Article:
I write about it often: Leadership, in fact statesmanship, requires “taking the whole nation to school.” That’s not some dreamy over-idealistic thought — it’s what happens every time a country has to be rallied to take important action.
During the founding era those who took a leadership role had to muster many to help them spread the word and win support for declaring independence. During an eight year war with Great Britain it was necessary to maintain the support for the effort. In 1787-88 the same work was needed to win ratification of the U.S. Constitution.
The big tasks of history continued on in Lincoln’s time. Can you imagine trying to keep up morale in the North when hundreds of thousands of men were being killed and wounded? In January 2010 I wrote the following about what was accomplished during WWII:
When World War II began in Europe in September 1939 the Unites States was woefully unprepared for a fight. Even after we finally entered the war in December 1941 the country was a long way from being fully mobilized. By May of 1943, however, President Franklin Roosevelt said that “the American people have accomplished a miracle.” By the fall of 1943 the American war machine was operating at maximum capacity. By then the factories and shipyards ran twenty-four hours a day.
Rather than rallying anyone, current day Republican leaders fear being called “obstructionists.” They should be proud of the label; after all, what they would be obstructing is the continued destruction of the American economy and the fiscal condition of the nation. Instead, they cower.
Most GOP elected officials are afraid of their shadow because even with unpopular programs like Obamacare they didn’t know how to move public opinion, never have, and still don’t.
I’m convinced that the only way our Republican and conservative elected officials will learn how to do so will be for the rest of the “army” to throw itself into experimenting with old and new ways to reach and effectively connect with the public at large.
Think tanks and issue advocacy organizations need to spend more time on outreach and less on preparing reports that not enough people will ever read. Tea party and patriot type groups need to hold fewer poorly attended events and think primarily about how many of the uninformed they are actually connecting with. Individuals of all ages need to stop being fearful of the backlash that comes with expressing their opinion (see the two quotes below on this topic from George Washington and Patrick Henry).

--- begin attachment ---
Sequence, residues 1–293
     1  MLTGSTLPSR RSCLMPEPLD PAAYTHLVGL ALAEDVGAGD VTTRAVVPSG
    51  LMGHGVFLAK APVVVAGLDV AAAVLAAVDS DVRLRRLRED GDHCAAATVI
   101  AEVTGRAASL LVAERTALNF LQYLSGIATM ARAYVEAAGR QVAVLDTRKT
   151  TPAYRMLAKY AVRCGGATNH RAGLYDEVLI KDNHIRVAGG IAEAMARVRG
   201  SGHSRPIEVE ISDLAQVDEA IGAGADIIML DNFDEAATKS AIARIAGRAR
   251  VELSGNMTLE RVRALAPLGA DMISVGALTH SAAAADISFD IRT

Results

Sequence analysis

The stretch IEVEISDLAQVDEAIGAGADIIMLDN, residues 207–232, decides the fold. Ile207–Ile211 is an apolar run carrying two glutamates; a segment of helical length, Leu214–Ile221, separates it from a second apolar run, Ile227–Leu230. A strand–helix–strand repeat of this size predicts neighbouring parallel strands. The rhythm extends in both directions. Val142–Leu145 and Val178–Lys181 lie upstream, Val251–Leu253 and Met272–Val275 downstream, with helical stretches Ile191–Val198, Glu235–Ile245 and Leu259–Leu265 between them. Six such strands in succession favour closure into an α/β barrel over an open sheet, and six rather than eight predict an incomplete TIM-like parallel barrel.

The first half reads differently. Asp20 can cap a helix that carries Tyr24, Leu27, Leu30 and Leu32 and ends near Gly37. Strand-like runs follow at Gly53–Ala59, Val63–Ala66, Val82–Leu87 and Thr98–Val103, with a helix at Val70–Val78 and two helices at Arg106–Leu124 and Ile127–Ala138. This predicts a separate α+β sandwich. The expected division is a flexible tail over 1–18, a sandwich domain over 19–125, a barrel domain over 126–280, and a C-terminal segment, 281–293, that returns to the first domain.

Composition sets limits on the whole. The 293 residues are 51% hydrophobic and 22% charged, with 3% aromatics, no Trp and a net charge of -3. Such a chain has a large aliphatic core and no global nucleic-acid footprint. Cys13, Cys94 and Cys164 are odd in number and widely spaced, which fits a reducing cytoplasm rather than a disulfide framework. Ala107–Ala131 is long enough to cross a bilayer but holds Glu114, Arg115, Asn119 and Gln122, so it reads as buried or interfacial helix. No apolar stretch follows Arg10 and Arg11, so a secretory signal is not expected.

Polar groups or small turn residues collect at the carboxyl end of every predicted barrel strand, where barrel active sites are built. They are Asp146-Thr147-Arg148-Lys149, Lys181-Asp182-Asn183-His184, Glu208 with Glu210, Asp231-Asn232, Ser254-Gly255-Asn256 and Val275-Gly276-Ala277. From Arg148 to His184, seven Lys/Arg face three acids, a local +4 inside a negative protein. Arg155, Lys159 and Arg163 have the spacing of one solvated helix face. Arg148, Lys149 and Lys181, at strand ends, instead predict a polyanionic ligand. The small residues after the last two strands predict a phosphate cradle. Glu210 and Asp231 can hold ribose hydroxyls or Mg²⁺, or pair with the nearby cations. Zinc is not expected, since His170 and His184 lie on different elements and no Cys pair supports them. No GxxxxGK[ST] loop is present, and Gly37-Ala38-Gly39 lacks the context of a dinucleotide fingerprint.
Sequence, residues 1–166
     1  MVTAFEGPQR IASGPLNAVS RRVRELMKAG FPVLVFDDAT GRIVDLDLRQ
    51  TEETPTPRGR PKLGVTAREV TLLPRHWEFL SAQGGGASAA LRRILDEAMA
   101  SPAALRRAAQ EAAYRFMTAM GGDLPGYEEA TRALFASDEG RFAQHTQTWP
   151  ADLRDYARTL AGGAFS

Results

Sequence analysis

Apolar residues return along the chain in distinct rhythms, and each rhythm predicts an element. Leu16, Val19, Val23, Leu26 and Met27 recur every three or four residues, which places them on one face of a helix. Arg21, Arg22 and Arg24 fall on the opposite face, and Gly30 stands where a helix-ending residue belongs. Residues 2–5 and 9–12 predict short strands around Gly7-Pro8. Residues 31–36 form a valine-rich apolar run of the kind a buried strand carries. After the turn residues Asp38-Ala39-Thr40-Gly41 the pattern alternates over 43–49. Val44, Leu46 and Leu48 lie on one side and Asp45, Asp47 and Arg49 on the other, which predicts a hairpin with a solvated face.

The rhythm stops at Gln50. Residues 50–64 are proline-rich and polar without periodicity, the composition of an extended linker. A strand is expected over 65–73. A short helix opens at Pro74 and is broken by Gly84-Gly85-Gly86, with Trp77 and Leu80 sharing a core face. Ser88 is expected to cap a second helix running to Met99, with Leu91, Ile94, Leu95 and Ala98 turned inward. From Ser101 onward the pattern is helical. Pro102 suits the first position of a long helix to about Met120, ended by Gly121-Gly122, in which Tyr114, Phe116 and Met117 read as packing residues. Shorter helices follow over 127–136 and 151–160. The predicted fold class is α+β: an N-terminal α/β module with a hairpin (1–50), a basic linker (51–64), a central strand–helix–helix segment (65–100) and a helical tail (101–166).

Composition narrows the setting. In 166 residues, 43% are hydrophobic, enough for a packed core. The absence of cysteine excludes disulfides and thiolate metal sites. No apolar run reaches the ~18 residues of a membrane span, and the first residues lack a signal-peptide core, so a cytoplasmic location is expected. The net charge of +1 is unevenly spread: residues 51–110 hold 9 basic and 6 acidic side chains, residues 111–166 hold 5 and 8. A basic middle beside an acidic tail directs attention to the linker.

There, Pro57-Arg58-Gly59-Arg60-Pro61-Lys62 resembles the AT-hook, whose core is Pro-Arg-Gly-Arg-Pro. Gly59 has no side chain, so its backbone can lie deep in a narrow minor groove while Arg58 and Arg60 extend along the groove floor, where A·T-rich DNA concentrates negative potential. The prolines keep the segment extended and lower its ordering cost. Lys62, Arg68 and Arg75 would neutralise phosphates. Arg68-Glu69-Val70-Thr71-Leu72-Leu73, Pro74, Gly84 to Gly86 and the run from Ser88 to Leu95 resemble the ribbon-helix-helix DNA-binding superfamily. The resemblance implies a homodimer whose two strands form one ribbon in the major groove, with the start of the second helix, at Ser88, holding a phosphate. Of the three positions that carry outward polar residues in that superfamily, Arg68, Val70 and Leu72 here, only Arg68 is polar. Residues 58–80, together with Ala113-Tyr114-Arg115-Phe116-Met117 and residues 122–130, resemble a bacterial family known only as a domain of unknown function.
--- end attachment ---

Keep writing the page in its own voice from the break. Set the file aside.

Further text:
It’s the same dynamic with all the public policy issues. So little of the facts make it to the public through the old liberal press — yet many on our side seem to think that’s going to change. It hasn’t for decades and no one should wait around for it to change.
Americans can’t support what they don’t know about or understand. We need to get the idle conservative army in motion and that takes leadership. Like any army, that leadership will be required at all levels — from the top brass on down to the platoon. Our side has so much talent that can and must be tapped — that’s where the leaders will come from.
After an initial spark — and as the tide gets rolling — it will be easy to send battalions of front line soldiers into the information skirmishes. As increasing numbers of organizations and individuals are seen in motion, such activity will act as a magnet to motivate others to do their part — even fearful politicians. Most of them are not going to do the right thing until they see more of the citizenry lining up behind the right policies.
We can win this information war — but to do so we have to fight it.
Here are the two quotes I referenced above — the emphasis in mine:
“It should be the highest ambition of every American to extend his views beyond himself, and to bear in mind that his conduct will not only affect himself, his country, and his immediate posterity; but that its influence may be co-extensive with the world, and stamp political happiness or misery on ages yet unborn.” — George Washington
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“Should I keep back my opinions at such a time, through fear of giving offense, I should consider myself as guilty of treason towards my country, and of an act of disloyalty toward the majesty of heaven, which I revere above all earthly kings.” — Patrick Henry
(First published November 2013)